It’s time to eat! Sometimes the things that are available to us aren’t that safe. This is where being prepared comes in again. If you’re not going to be home and you know that you won’t be able to eat something that is prepared, or if your family has a set standard for meals that doesn’t vary, then bring your safe foods. It doesn’t have to be the whole fridge, but just enough where you can feel comfortable. If you can, try and see if there is a way for the person cooking to prepare something special for you. If that’s not an option, again, stick with your safe foods.
Spending the holidays in the hospital sucks. It can even get a bit depressing but if you have a strong circle of friends and family, things can turn around. One of the things that you can do is have your family come by and have your own celebration there. Spending that time together can really boost your spirits and even help you get better faster. Another thing you can do is put yourself in the festive mood. Watch holiday movies, listen to upbeat music, write the things you’re thankful for, something that puts you in the mood.
Being in the hospital sucks and it’s not something we’d want to do no matter the time of year. The reality of it all is that it happens some times and you can’t always control it. Putting yourself is a positive mindset and thinking beyond the hospital can help. It may take some time to get to that point of changing your mindset, but it can help. Being upset isn’t going to change the reality of what’s going on and it can cause your symptoms to stay where they are. If anything, you’re alive and that’s something.
Overall, the main thing is to not feel ashamed or embarrassed about what’s going on with you health wise. This is what you live with on a daily and you will have to adjust some things in your life as well as inform people about what you have from time to time. Don’t let anyone make you feel bad about it or uncomfortable because when it’s all said and done, as much as they may care or try to understand, this is something that YOU deal with. Their insight can be helpful at times so be aware of that, but if ignorance presents itself, you don’t have to let it get you down or hurt you. Enjoy yourself and take the good out of the day. This disease, family and friends, it doesn’t have to get you down. You decide how you want to feel and it’s up to you, no one or nothing else. Enjoy the day, your family and friends, and have fun.
Happy Holidays guys and better days
"You don’t look sick"
Why does someone have to look sick to be sick? This is Alex. She is only 20 years old and is currently in hospice living the last days of her life BECAUSE OF CROHN’S DISEASE.
Before I go any further I just want to take a moment to share with you her fundraising page and ask you to visit it. Donate to her family if you can, they are being forced out of their home and that is the last thing this family and this girl needs during the last days of her life. She needs our love and support and they need a miracle. http://www.youcaring.com/medical-fundraiser/beautiful-beyond-the-pain/104060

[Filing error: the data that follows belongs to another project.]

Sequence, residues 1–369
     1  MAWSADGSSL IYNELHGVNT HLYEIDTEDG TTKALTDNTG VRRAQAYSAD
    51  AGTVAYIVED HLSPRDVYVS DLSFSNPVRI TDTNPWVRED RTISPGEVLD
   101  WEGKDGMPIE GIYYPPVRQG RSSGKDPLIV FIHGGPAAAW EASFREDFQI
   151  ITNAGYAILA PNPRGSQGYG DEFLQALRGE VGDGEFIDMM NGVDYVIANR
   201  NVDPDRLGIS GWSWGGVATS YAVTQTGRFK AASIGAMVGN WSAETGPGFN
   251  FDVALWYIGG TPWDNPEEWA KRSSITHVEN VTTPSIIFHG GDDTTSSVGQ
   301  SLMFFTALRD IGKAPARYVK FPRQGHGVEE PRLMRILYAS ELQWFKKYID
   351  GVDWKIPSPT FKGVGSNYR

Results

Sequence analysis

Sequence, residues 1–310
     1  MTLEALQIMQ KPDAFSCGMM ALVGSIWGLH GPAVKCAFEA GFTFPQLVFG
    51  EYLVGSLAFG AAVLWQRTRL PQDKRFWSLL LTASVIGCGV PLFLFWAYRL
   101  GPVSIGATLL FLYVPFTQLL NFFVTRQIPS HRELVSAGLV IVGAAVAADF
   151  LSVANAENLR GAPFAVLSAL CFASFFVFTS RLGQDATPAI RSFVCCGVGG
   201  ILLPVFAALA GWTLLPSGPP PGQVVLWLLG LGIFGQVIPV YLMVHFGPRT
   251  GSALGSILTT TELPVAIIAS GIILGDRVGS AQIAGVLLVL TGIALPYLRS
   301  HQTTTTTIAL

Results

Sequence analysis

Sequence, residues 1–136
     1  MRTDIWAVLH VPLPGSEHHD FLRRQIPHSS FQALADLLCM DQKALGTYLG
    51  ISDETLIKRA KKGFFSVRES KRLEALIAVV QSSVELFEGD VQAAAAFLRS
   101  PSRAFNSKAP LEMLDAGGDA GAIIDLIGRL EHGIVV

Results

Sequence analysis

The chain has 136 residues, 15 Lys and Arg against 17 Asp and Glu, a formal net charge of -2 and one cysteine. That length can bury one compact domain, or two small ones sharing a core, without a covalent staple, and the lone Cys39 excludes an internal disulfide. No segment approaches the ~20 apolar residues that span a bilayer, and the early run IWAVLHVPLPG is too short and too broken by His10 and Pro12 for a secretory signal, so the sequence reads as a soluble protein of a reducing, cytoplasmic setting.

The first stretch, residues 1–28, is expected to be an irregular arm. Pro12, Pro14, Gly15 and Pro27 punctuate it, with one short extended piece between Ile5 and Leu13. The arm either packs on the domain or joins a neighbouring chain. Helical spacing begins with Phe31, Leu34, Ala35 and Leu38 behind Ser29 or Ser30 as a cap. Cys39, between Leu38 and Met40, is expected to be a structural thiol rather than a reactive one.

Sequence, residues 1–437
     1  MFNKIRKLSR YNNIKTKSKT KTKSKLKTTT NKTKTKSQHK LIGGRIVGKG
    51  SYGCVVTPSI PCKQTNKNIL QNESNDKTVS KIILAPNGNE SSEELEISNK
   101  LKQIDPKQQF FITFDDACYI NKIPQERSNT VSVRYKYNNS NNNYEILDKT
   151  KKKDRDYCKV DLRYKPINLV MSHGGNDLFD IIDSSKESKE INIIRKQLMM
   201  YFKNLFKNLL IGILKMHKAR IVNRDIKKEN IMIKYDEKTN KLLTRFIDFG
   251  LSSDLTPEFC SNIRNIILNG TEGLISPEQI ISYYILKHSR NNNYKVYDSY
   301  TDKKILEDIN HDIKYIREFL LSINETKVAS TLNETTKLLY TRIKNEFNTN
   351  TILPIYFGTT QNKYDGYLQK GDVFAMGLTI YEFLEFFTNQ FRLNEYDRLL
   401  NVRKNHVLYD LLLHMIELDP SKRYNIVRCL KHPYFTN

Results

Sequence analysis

With that said, this story hits me really really hard right now. Perhaps because Alex is a fellow Camp Oasis counselor. Even though she does Camp Oasis Georgia, and I do Camp Oasis Michigan, I feel like we are all one big family. Perhaps this story hits me so hard because I read it two days after the two year anniversary of losing my friend Katie, who was my co-counselor at Camp Oasis. Right now I have a close friend in the hospital (love you Mally!) and I just had a close friend get out of the hospital (love you too Beth!), and maybe it hits hard because it seems like I am seeing these stories all too often.
This could be me, it could be any one of us.
And when I look at the pictures of Alex who looks young and beautiful and vibrant, I can’t help but think that she has probably been told the words “You don’t look sick” too. Invisible illness is real. A person may look fine on the outside but their insides do not match. To all of you reading this that do not live with a chronic illness yourself, please know that. I lost a friend just months after she danced with me, sang with me, and gave herself to sick kids who needed us, with me.
I titled this blog Gaining Another Angel, but to be honest I don’t know what I think about what happens after life. I know what i’d like to think.
To sweet Alex, you are making a difference right now. 20 years is not that long but you are not going without a purpose. Right now everyone in our Crohn’s disease and ulcerative colitis community is holding each other a little tighter and we are working even harder to get the word out. We are sharing your story so that more people know just what IBD can do! I wish you peace and comfort in your last days and hopefully some laughs too. Camp Oasis Georgia will now have an angel just like our camp does. Say hello to Katie and Jessica for me. <3